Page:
Library partners with city to host

outdoor Storytime in parks 

Children’s summer reading can be encouraged by visiting the neighborhood library or in Farmington families will be heading out to the park with a blanket ready to listen and play.

Aimee Schrieber, 32, is the new children’s librarian at Farmington Library and she is filled with enthusiasm for all the summer reading programs. She began in her position Jan. 3 with the Dakota County Library system after working for seven years at the Sparta Free Library in Wisconsin.

She shares how she is excited to join the library team, and will work hard to fill the shoes of longtime children’s librarian Cathy Maguire, who retired after 40 years and was a “rock star,” she said, to generations of children and families.

Schreiber understands how the public library can be influential and serve as an igniter in developing a child’s love for reading and a passion for books. She grew up in Winona and she spent hours at her local public library.

“I spent summers there in the nice cool stacks doing the summer reading challenges and that was really fun, and I have great memories of libraries from a very, very young age,” she said. Her mother, who worked as a preschool teacher, served as a big influencer in her journey toward loving reading.

This summer children’s story time will return after a two-year pause.

Farmington Library will partner with Farmington City Parks and Recreation and offer families six sessions of Storytime hosted in six different parks across the city.

“This will be a way to celebrate the extra green space,” Schreiber said.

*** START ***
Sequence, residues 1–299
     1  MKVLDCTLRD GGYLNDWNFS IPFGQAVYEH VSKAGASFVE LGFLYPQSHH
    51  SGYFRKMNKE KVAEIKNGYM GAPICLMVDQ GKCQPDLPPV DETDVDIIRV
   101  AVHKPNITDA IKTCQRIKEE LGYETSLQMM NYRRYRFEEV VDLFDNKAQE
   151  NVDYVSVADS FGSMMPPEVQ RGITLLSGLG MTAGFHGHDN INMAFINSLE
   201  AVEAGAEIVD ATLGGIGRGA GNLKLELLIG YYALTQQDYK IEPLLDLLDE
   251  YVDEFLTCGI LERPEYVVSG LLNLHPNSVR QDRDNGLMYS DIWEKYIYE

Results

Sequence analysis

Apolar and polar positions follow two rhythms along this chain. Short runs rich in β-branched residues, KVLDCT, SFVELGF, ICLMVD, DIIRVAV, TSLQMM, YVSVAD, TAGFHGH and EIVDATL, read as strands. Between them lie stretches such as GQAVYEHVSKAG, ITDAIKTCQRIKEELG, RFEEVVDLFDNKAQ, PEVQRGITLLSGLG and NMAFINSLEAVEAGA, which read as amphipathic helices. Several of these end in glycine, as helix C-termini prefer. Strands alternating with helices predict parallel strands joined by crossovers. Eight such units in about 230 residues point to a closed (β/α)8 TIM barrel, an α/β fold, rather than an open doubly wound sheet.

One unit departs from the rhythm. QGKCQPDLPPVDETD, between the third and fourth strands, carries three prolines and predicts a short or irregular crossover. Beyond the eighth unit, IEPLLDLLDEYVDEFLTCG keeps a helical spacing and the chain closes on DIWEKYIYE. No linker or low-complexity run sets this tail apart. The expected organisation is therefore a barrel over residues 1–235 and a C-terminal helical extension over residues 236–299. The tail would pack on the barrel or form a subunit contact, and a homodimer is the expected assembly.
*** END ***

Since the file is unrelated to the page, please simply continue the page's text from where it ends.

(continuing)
Pairing books with play has become popular and is trending at libraries today across the nation.

“There is a really strong movement with play and, at least for me, we can find a way to be outside and bring literacy outside,” she said.

The first summer story time session is slated for 10 to 11 a.m. Thursday, June 9, at Prairie Pines Park in Farmington. Families are encouraged to bring blankets and towels to lay on the grass while listening to the books being read aloud.

“We tried to pick parks that were a little less well known so families could get to know more parks, - the parks and recreation team have been amazing to work with.”

The summer Story Time in the Parks will offer a half hour of stories, fingerplays and rhymes along with other literacy activities, and a half hour of games led by city parks and recreation staff.

“I am a big fan of dancing during Storytime to incorporate large movement,” she said, smiling.

Another summer library event in the works will be Mighty Machines slated for 9:30 to 10:30 a.m. on Thursday, June 16, in the library parking lot where children can discover all the bells and whistles on big rigs and mighty machines parked in the library parking lot.

Families are invited to the Move and Groove Dance Party on July 7, at Lake Julia Park in Farmington.

“We will have a whole hour of dancing with shaker eggs and parachutes, I love summer and the summer programming, it is a great time,” she said.